Rent-a-room relief aims to encourage those with spare rooms in their homes to let them out to increase the supply of furnished rental accommodation. Under the scheme, a person can earn up to £7,500 each tax year tax-free from letting out furnished accommodation in their own home. The limit is halved where the income is shared by two or more people, each person being able to earn £3,750 tax-free a year.
Where rental income is less than the rent-a-room limit of £7,500 (or £3,750 where income is shared), the tax exemption is automatic. There is no need to tell HMRC about the rental income, or claim the relief.
Rental income of more than the tax-free limit
If the rental income that a taxpayer receives from letting a room in their house exceeds the rent-a-room limit of £7,500 (or £3,750 where income is shared), the taxpayer has the option of claiming rent-a-room relief or working out the associated rental profit in the usual way. Where rent-a-room relief is claimed, the taxpayer simply deducts the rent-a-room tax-free limit from their rental income to arrive at their taxable rental profit.
Where rental profit exceeds the tax-free rent-a-room limit, the taxpayer must complete a self-assessment tax return. If the relief is to be claimed, the claim can be made in the tax return. Whether a claim is worthwhile or not will depend on whether actual expenses are more than the rent-a-room tax-free limit.
Maisie lives alone and lets out a furnished room in her home, receiving rental income of £10,000 for the tax year. Her associated expenses are £2,000. If she claims rent-a-room relief, she will pay tax on rental profits of £2,500 (£10,000 – £7,500). However, if she does not claim the relief, she will pay tax on the excess of her rental income over her actual expenses, a taxable rental profit of £8,000 (£10,000 – £2,000). Opting into the scheme is clearly beneficial as this reduces her taxable rental profits by £5,500. If Maisie is a higher rate taxpayer, this will save her tax of £2,200 (£5,500 @ 40%).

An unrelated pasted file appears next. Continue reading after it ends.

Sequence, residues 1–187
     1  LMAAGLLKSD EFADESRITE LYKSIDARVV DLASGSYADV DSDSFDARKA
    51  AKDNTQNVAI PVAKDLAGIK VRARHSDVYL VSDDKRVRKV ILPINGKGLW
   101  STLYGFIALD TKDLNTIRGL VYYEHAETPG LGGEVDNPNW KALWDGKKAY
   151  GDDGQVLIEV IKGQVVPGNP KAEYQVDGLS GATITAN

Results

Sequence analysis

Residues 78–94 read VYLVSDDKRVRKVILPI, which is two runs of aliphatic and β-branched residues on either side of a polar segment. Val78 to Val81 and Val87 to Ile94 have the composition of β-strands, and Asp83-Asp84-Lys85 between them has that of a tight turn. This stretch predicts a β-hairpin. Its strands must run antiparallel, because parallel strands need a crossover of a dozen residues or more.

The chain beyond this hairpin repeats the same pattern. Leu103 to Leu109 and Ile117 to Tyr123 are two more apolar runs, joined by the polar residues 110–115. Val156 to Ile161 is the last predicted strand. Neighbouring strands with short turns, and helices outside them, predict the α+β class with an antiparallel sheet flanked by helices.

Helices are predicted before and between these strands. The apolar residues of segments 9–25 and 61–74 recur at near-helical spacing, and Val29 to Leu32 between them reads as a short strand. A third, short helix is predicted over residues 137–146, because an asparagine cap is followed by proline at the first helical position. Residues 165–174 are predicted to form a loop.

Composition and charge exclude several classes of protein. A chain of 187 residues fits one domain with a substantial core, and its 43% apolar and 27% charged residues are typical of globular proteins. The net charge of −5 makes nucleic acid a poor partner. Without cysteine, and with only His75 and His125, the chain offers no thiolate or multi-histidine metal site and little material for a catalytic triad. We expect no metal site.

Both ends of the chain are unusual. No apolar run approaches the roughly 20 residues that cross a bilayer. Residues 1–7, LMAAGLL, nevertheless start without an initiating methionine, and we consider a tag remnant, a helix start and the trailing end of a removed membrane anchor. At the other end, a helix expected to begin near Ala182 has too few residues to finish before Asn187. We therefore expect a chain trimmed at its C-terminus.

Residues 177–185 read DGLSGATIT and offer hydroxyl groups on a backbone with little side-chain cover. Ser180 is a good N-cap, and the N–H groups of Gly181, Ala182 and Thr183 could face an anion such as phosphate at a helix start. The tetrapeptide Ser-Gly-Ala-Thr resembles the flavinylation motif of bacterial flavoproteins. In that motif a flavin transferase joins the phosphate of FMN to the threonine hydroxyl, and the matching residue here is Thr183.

Mathew also lives alone renting out a furnished room in his home. His rental income is also £10,000, but his associated expenses are £9,000. In Matthew’s case, opting into the rent-a-room scheme is not beneficial as doing so will increase his taxable profit from £1,000 (£10,000 – £9,000) to £2,500 (£10,000 – £7,500).
The rent-a-room scheme cannot be used to create a loss, and where actual expenses exceed rental income, it will generally be better not to opt into the scheme in order to preserve the loss so that it can be carried forward and set against future rental profits. However, if the likelihood of being able to use the loss is small, it may be preferable to take advantage of the rent-a-room exemption to save work.
Maud lets a furnished room in her own home, receiving rental income of £3,000. The associated expenses are £4,000. If she chooses to use the rent-a-room scheme (which may be attractive due its simplicity) she does not need to report the income to HMRC. However, if she wishes to preserve the loss of £1,000 (£3,000 – £4,000), she will need to complete the property pages of the self-assessment tax return.
No one size fits all
The extent to which it is beneficial to claim rent-a-room relief will depend on personal circumstances.
Partner note: ITTOIA 2005, s. 309